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Ozempic Retinopathy: Is Semaglutide to Blame?

Ozempic Retinopathy

ozempic and rybelsus retinopathy semaglutide

Ozempic Retinopathy or Semaglutide Retinopathy is not a distinct form of eye disease.

Or maybe it is. Does Semaglutide affect the eye directly or is it the rapid glucose changes that result in the worsening of diabetic eye disease?

If the change in blood glucose is responsible for worsening diabetic retinopathy, then all potent diabetes medicines including insulin and Tirzepatide (Mounjaro) should have a similar or a much greater effect on the eyes.

What is Diabetic Retinopathy?

Diabetic retinopathy or diabetic eye disease is one of the most common complications of diabetes. In fact, it is the second most common complication of longstanding diabetes after diabetic neuropathy.

The initial glucose cut-offs to label a person as diabetic were based on the blood glucose readings that resulted in eye changes.

Like diabetes, diabetic retinopathy is a silent disease. People have symptoms only when the disease is advanced. In the early stages, it is totally asymptomatic and usually picked up on routine screening tests.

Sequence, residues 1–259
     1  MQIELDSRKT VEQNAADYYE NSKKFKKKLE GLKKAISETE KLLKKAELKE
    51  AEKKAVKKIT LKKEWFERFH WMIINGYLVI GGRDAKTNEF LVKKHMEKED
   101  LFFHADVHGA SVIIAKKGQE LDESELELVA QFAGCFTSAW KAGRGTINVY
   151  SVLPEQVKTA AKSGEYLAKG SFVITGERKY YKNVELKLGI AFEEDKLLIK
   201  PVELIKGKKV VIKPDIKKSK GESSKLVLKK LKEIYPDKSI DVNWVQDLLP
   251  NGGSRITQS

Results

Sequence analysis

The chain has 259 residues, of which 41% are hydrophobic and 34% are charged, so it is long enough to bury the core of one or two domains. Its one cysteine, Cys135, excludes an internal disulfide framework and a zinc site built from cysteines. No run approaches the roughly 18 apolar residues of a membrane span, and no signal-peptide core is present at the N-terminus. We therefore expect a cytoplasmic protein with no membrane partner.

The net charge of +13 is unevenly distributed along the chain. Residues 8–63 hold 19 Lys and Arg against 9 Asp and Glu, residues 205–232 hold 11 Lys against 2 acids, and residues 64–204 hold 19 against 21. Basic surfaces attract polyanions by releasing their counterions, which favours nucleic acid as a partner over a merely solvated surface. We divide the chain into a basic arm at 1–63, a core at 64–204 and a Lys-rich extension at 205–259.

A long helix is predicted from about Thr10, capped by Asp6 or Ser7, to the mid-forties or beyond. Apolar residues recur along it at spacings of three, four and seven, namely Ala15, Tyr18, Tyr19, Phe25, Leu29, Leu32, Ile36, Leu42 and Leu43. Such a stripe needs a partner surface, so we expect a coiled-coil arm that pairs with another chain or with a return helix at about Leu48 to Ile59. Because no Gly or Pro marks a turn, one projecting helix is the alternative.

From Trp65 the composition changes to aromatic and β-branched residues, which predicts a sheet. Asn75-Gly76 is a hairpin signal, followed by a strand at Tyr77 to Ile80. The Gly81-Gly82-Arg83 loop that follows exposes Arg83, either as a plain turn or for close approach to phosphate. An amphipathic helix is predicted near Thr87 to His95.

Diabetic retinopathy is commonly classified into two broad categories:

  • Non-proliferative diabetic retinopathy, and 
  • Proliferative diabetic retinopathy

Diabetic patients with non-proliferative diabetic retinopathy have exudates, microaneurysms, and microhemorrhages in their retinas.

On the other hand, neovascularization is the hallmark of proliferative diabetic retinopathy.

The formation of new blood vessels in the retina along with changes seen in patients with non-proliferative diabetic retinopathy can be seen.

Neovascularization is the hallmark of diabetic retinopathy

In advanced proliferative diabetic retinopathy, macular edema, and fibrovascular tissue proliferation resulting in traction retinal detachment can be seen.

Optimal glucose control can prevent the progression of diabetic retinopathy. In the UKPDS, each 1% HbA1C improvement is associated with a 37% reduction in the risk of diabetic retinopathy.

1% reduction in HbA1C = 37% reduction in Diabetic Retinopathy

Hypertension, hyperlipidemia, and pregnancy are other risk factors for the progression of diabetic retinopathy.

Optimal blood pressure control and management of dyslipidemia are as important as diabetes.